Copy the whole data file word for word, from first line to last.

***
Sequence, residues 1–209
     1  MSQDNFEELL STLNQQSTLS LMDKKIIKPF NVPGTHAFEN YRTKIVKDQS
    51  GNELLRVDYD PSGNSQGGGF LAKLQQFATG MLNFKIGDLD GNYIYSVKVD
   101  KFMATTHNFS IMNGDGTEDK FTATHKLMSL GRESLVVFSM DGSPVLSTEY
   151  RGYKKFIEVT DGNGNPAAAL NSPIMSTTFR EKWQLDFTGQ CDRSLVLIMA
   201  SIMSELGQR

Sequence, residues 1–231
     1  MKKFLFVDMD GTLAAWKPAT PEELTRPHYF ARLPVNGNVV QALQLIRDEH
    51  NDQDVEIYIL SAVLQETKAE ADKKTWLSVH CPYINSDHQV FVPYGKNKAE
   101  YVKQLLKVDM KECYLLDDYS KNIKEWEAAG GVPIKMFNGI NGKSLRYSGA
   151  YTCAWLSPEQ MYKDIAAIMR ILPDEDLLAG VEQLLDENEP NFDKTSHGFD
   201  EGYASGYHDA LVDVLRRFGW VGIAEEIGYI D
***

Sequence, residues 1–209
     1  MSQDNFEELL STLNQQSTLS LMDKKIIKPF NVPGTHAFEN YRTKIVKDQS
    51  GNELLRVDYD PSGNSQGGGF LAKLQQFATG MLNFKIGDLD GNYIYSVKVD
   101  KFMATTHNFS IMNGDGTEDK FTATHKLMSL GRESLVVFSM DGSPVLSTEY
   151  RGYKKFIEVT DGNGNPAAAL NSPIMSTTFR EKWQLDFTGQ CDRSLVLIMA
   201  SIMSELGQR

Sequence, residues 1–231
     1  MKKFLFVDMD GTLAAWKPAT PEELTRPHYF ARLPVNGNVV QALQLIRDEH
    51  NDQDVEIYIL SAVLQETKAE ADKKTWLSVH CPYINSDHQV FVPYGKNKAE
   101  YVKQLLKVDM KECYLLDDYS KNIKEWEAAG GVPIKMFNGI NGKSLRYSGA
   151  YTCAWLSPEQ MYKDIAAIMR ILPDEDLLAG VEQLLDENEP NFDKTSHGFD
   201  EGYASGYHDA LVDVLRRFGW VGIAEEIGYI D